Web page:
All California employers who employ five or more workers are required by law to provide their employees with sexual harassment and abuse prevention training every two years. Sexual harassment in the workplace has become a major concern in recent years.
Under California law, employers have an “affirmative duty” to take steps to prevent sexual harassment in the workplace and to take swift action when it arises. Employers could be held liable for incidents of sexual harassment or abuse that occur, so it is both morally incumbent and advantageous for employers to take steps to prevent it from happening in the first place.
What is Effective Interactive Training?
The first thing to know is that employers are required to provide “effective interactive training” under California law. This means that the training must be individualized and interactive in nature. It can’t simply be text-based training, for instance.
This “effective interactive training” can take different forms. The training could be conducted in person by a trained professional, online through interactive computer-based training, or in a webinar setting, in which a personal trainer leads a seminar in real-time over the Internet.
If the employer provides their employees with computer-based “e-learning” training, then the training must be done on an individual basis and can’t be conducted in a group setting. If the training is conducted in-person or via a live online seminar, then the training may be done in a group setting.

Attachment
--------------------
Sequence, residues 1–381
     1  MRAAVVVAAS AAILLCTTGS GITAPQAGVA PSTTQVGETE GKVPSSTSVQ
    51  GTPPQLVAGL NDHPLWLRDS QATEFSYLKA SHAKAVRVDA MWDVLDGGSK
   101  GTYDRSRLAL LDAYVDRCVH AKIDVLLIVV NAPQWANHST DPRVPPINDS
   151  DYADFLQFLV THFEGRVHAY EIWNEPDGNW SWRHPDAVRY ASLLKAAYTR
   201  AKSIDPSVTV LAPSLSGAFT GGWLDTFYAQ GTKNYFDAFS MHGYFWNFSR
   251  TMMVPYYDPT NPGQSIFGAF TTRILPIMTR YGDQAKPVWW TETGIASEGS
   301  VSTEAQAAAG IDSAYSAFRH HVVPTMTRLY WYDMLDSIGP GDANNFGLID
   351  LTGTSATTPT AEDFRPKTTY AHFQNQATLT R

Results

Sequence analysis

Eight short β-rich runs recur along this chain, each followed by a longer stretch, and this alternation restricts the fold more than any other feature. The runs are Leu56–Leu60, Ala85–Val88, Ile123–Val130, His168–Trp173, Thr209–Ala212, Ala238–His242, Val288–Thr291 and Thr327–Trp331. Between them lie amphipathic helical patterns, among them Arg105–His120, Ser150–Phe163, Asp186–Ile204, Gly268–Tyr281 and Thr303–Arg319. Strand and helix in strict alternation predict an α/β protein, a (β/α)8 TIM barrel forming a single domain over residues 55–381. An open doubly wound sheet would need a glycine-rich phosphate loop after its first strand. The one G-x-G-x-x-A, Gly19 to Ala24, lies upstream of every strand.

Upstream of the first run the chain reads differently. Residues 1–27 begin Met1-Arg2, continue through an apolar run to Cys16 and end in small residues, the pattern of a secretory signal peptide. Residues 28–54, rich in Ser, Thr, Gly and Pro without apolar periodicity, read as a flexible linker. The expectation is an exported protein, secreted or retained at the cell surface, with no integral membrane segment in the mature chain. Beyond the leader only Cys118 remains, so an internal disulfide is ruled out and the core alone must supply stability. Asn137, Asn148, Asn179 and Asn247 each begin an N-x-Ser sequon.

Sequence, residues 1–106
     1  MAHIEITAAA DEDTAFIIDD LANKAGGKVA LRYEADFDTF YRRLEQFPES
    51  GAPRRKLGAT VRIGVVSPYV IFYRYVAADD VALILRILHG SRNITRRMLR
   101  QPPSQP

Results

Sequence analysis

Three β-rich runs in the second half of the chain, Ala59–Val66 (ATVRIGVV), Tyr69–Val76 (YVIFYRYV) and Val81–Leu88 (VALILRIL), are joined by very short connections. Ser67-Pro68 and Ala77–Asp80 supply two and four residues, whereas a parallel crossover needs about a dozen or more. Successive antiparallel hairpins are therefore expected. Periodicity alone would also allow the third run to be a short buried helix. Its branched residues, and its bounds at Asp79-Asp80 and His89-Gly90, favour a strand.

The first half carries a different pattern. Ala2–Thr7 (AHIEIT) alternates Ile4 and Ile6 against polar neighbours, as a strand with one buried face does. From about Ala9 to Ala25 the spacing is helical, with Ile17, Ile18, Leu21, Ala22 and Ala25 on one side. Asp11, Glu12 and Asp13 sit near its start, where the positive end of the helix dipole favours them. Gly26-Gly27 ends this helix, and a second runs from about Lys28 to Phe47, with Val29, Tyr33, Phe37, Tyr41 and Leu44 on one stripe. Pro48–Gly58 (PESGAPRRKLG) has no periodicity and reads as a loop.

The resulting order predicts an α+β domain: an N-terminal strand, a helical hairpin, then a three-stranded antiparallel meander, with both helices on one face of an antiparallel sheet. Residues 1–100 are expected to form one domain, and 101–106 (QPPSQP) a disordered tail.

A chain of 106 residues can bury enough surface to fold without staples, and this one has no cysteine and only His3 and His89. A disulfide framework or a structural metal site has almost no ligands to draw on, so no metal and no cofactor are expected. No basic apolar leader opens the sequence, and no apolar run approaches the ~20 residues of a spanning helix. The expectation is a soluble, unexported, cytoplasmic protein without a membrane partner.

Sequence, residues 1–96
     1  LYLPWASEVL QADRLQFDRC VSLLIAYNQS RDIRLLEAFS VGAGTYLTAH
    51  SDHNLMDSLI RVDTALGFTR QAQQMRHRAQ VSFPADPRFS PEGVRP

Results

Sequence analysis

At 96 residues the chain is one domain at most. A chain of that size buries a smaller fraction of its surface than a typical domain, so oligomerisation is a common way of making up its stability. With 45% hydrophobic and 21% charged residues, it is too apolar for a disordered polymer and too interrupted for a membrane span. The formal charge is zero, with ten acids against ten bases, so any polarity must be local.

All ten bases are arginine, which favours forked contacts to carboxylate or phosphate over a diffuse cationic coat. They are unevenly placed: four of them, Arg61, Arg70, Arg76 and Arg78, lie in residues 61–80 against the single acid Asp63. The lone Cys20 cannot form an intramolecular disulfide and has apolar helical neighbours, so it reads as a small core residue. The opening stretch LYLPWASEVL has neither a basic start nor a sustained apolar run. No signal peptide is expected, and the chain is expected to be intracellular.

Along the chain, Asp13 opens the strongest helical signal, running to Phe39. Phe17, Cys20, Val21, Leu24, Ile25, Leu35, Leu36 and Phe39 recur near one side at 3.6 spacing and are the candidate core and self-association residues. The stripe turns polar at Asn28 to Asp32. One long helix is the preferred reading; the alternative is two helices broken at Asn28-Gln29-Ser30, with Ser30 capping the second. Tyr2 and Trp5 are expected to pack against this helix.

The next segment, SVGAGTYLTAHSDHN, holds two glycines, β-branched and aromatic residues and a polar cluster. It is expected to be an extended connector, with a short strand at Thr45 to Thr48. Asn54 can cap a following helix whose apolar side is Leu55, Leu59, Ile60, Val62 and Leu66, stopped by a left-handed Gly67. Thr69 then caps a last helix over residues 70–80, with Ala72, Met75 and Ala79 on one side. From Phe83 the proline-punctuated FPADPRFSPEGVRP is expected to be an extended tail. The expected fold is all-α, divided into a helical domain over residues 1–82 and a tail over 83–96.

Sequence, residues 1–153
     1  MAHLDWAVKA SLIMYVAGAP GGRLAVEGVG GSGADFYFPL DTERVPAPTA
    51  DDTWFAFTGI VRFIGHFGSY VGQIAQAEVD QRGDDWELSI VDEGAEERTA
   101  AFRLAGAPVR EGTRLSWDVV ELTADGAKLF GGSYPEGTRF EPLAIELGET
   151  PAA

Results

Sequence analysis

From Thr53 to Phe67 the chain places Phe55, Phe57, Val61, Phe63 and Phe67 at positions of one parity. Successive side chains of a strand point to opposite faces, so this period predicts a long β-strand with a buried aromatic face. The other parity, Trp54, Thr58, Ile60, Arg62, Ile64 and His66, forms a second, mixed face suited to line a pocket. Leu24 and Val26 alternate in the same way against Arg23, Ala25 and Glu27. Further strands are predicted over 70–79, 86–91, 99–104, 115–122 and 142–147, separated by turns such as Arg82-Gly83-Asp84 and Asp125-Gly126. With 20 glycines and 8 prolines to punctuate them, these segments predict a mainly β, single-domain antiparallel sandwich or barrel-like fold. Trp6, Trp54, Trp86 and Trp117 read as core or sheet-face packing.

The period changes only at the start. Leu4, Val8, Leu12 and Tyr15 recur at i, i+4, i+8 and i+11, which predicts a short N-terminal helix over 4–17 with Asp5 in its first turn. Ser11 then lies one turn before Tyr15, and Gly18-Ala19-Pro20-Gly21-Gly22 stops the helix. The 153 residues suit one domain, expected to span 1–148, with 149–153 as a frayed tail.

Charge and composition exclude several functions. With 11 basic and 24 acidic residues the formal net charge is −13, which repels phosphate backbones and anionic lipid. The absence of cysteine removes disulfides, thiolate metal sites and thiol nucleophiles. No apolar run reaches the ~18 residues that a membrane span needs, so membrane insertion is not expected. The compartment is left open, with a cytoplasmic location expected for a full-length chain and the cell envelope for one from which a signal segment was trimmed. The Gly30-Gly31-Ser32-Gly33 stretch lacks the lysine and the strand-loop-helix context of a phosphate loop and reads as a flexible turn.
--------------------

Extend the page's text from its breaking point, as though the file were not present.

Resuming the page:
Employers must provide training to all of their employees, even supervisors. Supervisors must complete two hours of training every two years, while employees must complete one hour of training every two years. California’s Department of Fair Employment and Housing offers free online courses for supervisors and non-supervisors, but employers can also utilize other sexual harassment and abuse prevention training programs as long as those programs meet certain state-mandated requirements.
It’s also important for the employer to note that they must cover the cost of the sexual harassment and abuse prevention training and must pay their employees for their time. Employers are not allowed to request that their employees complete the training on their own personal time. Employees must ensure that their employees complete the training within their first six months on the job, and repeat the training every two years thereafter.
Exceptions to Training Requirements
There are certain exemptions to providing employees with sexual harassment and abuse prevention training, such as for seasonal and temporary employees. If an employee works less than 30 days or works for less than 100 hours, then the employer is not required to provide the training.
This training is also not required for independent contractors, unpaid interns, or volunteers who work for the business (it’s important to note, though, that these workers are counted toward the five-employee threshold that determines whether or not the employer must provide the training).
In addition to the sexual harassment and abuse training, employers are also required to provide employees with a written handbook that states the employer’s policy on sexual harassment and what constitutes a breach of the policy. The employer’s policy must meet a strict set of requirements set forth by California law.
Contact a Riverside Sexual Harassment Lawyer
Sexual harassment isn’t just immoral, it’s illegal, and your employer has a duty to prevent and address physical and verbal sexual harassment in the workplace. If you believe that you’ve been sexually harassed and would like to know more about your rights as an employee, contact the Riverside sexual harassment attorneys of Wagner Zemming Christensen Attorneys at Law today. We can be reached at (951) 363-3923, through our online contact form, or by chatting with us live.